Word of the day: bezier. As in, the curve. Er, even more specifically: the vector path-shaping tool built into software like Illustrator and Freehand.
Though I still swear by Photoshop for site mockups and graphics work, I’m not exactly uncomfortable in Illustrator either. I’ve been spending more time in it lately, thanks to some work that demands it. (Yes, Fireworks is good too, if you’re okay with the UI. I tried, but I’m not.) What I’m finding most interesting is the shaping of curves, and how your eye can pick up even the most minor of differences and imperfections.
For the uninitiated, the curves that make up a vector shape are controlled by individual points, which each have a pair of handles. Moving the points and adjusting the length or angle of the handles affects how the curve is rendered. The practical reason for this is that when you use your mouse to modify a point, you are actually modifying a complex mathematical equation that describes the shape of the curve. Because it’s an equation, and not a set of individual pixels, you can scale vector images as small or as large as you’d like without losing detail.
So, the issue here is that you can fudge imperfections with pixels when you’re dealing with the web, but if you’re designing a logo or graphic that must scale up gracefully, you need to be sure you’re building it properly. That means spending a lot of time zoomed in to 3200% or more.
Illustrator’s bezier curves allow precise adjustments, albeit in a roundabout sort of way. A stock install of Illustrator allows for sloppy placement of points and curves, but for numeric precision you need to start relying on the grid. Hit View > Show Grid to turn it on, and then View > Snap to Grid to get your points and handles conforming to it. You may as well spend the time learning the keyboard shortcuts, because you’ll want to switch back and forth quite often.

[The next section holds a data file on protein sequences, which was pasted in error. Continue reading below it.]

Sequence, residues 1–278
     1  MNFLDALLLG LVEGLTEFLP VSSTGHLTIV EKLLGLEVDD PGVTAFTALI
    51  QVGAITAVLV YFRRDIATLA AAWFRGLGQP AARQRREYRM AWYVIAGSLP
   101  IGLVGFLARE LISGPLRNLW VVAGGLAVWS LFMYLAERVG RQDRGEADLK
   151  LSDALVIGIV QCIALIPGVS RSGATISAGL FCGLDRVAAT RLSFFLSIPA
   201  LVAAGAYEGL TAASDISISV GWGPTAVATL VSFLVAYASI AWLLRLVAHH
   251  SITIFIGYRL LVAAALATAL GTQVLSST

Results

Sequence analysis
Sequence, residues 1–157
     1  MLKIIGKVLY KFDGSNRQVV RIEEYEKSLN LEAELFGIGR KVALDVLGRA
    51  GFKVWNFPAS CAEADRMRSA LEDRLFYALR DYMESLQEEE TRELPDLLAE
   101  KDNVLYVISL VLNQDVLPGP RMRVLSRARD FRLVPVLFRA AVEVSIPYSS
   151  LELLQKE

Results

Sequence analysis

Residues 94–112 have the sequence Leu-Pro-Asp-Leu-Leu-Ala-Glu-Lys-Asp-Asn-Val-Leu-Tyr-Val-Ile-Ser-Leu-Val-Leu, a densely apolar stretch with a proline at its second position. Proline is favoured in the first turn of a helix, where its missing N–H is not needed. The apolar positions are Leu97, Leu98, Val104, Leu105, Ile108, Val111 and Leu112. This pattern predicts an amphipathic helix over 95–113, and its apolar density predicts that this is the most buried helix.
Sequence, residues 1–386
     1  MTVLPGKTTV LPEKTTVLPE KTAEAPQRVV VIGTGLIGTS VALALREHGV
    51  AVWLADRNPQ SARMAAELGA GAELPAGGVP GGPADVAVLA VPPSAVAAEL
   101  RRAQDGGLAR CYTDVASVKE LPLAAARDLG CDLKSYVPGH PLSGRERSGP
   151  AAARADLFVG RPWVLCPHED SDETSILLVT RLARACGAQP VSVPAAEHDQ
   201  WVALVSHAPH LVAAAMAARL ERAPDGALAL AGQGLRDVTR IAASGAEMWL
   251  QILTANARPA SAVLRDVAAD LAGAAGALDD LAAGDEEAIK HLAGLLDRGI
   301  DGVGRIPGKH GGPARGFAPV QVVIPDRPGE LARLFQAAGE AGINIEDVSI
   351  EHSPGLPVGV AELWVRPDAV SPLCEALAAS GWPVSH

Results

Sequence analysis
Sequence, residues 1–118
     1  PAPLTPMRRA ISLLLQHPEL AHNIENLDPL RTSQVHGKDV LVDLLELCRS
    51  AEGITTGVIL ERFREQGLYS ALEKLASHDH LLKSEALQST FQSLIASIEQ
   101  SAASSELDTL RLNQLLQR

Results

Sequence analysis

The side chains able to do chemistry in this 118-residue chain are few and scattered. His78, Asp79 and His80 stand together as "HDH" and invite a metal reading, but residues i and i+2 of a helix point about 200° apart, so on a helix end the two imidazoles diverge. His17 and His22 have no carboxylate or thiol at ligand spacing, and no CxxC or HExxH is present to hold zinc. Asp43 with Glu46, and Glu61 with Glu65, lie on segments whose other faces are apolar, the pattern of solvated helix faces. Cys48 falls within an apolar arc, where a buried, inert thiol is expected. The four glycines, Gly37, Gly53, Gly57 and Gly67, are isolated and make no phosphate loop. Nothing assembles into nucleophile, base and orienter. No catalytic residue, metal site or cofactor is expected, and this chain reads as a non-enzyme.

I’m going to use a customized letterform as an example, but this applies equally for illustrations and other imagery.
Here’s a shape that needs some work. Notice how trouble area 1 is sharper than it should be, and trouble area 2 is causing the curve it describes to round upwards. The result is that the curve around the top right shoulder of the R is thinner than the vertically opposed curve, which not be an issue at a smaller size, but could be quite noticeable when printed a few inches high.
First thing’s first, we should align the letterform to the grid; notice how the top left corner now sits flush on the major grid line. To adjust trouble area 1, I also selected the far right point. The bottom handle appears to be lining up flush with the bottom of the middle horizontal stroke, so it would seem that if I were to adjust the top handle to snap to the top stroke, the geometry would even out. And so it does:
Now if I zoom in, I can see that trouble area 2 isn’t that far off, it’s just not flush with the grid.
A quick snap downward, and we’ve got it.
Okay, so, I kind of cheated with this example and created a geometric letter (based on Avenir) that nicely aligns its major strokes to the grid. That’s going to be the exception by far, rather than the rule. In most cases it won’t be easy to snap major points to the grid without distorting the shape of the letter or illustration when adjusting. In those cases, you have to work on a more localized basis and align points against each other, rather than against the entire letterform.
And you may have noticed the optical difference in thickness between the horizontal stroke and the curved stroke. Having a consistent thickness across the entire curve is really tough, and not something I’d care to often attempt. It makes me appreciate a little more the amount of work that type designers face when creating a new font.